Friday, May 23, 2014

Crash Course in Pacing

My head hit the pavement so hard I thought I had knocked all my teeth out. I popped up off the ground, adrenaline rushing through my veins, and kept shouting, “Are my teeth ok? Are my teeth ok?” Matthew came running back to see if I was alright, and the look on his face told me that he was surprised I was conscious.

We were 26 miles into a 30 mile run that I was bike pacing, and I had taken a fall off the bike, landing full force on the right side of my head.  So much for rolling into a fall. My hands never left the handlebars.  I guess that saved my wrist from breaking, and the helmet saved my brain quite well too. But the impact was astounding.

After Matthew assured me that my teeth were all still in place, my thoughts turned to the matter at hand. I may have royally screwed up the last four miles of this run, I thought. Pacers are supposed to help the runner, not vice versa, and it was looking like I was the man down.

Ultra runner and coach, Tim Long writes a great blog about running, and in his entry about pacing he calls it “one of the most selfless acts a human can perform.” That certainly wasn’t going to be the case if the guy I was pacing had to carry my bike and me for the last four miles of his long run.

Let me back up. Pacers usually run with an ultra racer, typically for the last half or quarter of a 100 mile run. The pacer is there to help, not hinder, the racer. 

Bike pacing a runner works the same way pacing a runner on foot works.   The pacer leads, goes alongside or follows the runner (runner's choice), offering a predetermined amount of moral support, and company. There are rules about what a pacer can and cannot do, such as mule water or food for the racer, and there are rules about how soon a racer can pick up a pacer, but on this particular day, since it was a training run, we set out together from mile one. It was to be a total of 30 miles, and since I can’t keep up running with Matthew until he is about 70 miles in, I was riding my bike.

All had been going well: there had been no complaints from Matthew, the pace was strong, his body was feeling good and we were cruising to the end. And then I crashed.

As soon as I mentally counted my teeth, I formulated a plan. I would go with the pacers motto of always telling the racer how great he seems/looks, and apply it to myself for the last four miles. That combined with the old adage “if you fall off the bike, get right back on and start peddling again,” helped me to squeak “I’m totally fine, I can ride, no big deal, it’s ok, let’s go!”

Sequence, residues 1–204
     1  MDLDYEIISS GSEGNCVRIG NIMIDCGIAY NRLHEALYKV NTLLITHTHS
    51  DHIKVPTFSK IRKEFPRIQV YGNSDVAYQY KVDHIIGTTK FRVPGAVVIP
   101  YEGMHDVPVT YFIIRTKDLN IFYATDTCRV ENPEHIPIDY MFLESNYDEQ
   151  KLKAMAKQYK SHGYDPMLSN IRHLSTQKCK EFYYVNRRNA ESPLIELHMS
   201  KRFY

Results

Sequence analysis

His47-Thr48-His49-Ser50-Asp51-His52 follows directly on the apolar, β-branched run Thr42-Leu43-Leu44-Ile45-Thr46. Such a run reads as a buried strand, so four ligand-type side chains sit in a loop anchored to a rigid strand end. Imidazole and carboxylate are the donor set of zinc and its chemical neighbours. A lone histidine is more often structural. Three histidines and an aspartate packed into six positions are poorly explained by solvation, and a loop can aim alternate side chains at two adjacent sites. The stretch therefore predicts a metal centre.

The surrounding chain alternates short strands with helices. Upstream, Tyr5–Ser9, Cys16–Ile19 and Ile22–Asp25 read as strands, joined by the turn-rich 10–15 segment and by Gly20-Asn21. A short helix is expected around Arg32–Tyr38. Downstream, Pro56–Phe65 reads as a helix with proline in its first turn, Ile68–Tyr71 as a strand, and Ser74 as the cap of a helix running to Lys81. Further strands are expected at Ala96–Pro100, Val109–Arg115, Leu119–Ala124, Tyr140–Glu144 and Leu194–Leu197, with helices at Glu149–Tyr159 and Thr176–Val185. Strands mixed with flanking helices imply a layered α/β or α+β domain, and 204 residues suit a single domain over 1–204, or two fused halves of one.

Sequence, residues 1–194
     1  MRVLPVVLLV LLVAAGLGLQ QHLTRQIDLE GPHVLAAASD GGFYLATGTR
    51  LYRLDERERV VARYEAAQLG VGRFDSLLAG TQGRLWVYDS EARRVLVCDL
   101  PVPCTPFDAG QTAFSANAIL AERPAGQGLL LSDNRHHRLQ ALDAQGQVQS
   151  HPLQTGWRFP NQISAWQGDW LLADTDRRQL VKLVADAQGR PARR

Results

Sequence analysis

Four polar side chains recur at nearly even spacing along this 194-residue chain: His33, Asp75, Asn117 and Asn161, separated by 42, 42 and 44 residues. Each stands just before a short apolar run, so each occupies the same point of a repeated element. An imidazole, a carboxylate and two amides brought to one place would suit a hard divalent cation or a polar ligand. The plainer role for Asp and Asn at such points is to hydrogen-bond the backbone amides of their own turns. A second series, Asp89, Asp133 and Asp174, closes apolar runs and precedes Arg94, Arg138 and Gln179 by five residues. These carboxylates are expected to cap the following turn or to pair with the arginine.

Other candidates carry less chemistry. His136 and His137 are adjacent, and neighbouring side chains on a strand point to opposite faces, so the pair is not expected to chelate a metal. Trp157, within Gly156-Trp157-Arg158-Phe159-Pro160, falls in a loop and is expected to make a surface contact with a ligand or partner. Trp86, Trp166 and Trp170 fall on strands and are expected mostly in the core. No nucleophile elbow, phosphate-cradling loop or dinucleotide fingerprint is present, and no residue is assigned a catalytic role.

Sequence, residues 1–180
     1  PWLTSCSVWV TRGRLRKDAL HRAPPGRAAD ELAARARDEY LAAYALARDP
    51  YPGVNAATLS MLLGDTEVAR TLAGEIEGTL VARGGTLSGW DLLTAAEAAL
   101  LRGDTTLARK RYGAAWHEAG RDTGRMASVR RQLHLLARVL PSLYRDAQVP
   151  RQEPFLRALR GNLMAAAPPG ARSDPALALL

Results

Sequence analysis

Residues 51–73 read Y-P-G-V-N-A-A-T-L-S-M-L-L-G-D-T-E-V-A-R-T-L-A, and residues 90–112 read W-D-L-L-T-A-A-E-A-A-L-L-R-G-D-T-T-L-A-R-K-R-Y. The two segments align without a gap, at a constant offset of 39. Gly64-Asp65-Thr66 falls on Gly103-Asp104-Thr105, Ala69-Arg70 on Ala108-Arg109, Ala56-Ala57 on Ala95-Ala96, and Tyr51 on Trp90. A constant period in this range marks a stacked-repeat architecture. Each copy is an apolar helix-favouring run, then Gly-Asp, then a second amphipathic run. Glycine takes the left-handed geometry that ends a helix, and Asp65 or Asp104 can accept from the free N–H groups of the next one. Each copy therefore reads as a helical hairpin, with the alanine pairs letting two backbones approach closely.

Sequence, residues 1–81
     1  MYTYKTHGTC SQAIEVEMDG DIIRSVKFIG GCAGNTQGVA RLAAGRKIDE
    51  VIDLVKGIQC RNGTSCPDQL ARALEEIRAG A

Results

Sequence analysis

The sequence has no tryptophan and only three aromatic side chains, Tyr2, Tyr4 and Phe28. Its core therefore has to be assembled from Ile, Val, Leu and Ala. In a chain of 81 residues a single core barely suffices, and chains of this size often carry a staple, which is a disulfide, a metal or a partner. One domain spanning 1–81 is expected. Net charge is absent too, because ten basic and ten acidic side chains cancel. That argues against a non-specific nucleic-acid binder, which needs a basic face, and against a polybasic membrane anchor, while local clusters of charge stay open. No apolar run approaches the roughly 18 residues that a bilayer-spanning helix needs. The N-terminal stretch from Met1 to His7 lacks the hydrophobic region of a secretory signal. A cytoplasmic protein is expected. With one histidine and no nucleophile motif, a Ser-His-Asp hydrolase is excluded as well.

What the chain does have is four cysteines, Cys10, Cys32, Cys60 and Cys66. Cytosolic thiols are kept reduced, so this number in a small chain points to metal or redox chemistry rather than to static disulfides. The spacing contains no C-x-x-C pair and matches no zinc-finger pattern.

I hurt. My hip hurt, my shoulder hurt, my head now knew the phrase “got my bell rung,” but there was no way I was going to let Matthew know this. For a rather lazy girl, I can be pretty hard core when it comes to pacing.

Not in the dark though. No. Have you ever tried to ride your bike up and down rolling gravel hills on a moonless night without a head lamp? One night, Matthew and I were out on another bike/run, and it became dark before we were able to make it back. And we were in the woods. With a lack of moonlight, and any ambient light being blocked by tree cover, I was flying blind. He was alright. His feet could help him feel each step. I was terrified that I would topple over the handlebars at any moment. Finally, as he disappeared into the darkness ahead of me, I began to walk the bike.  Lesson learned: throw a headlamp into your bag or around your neck if you think you’ll be out anywhere near dusk.     

But the day of The Crash, I was determined. It was the last training run before the Boulder 100 and it needed to have a strong finish. This is why I’m a runner, I thought. You don’t bash your head while running.

Until you do. Another day, I was riding alongside Matthew during a long run with 2 miles to go, when suddenly he hit the dirt with a slam! I jumped off the bike, and looked at him – now lying in the dirt catching his breath. Holy hell! Are you ok, I asked. He said fine, I caught a toe, and he continued to rest there for a few minutes. Turns out, runners can get smashed up too – and they don’t even have helmets on for protection.

The day of The Crash ended well. We finished the 30 miles and ended at a great restaurant where Jeff was waiting for us with food and beverages that we were all happy to enjoy. We might have been a little sore, but there were no complaints because we were looking good, totally fine, and we did it. But it was time to buy a new helmet. 

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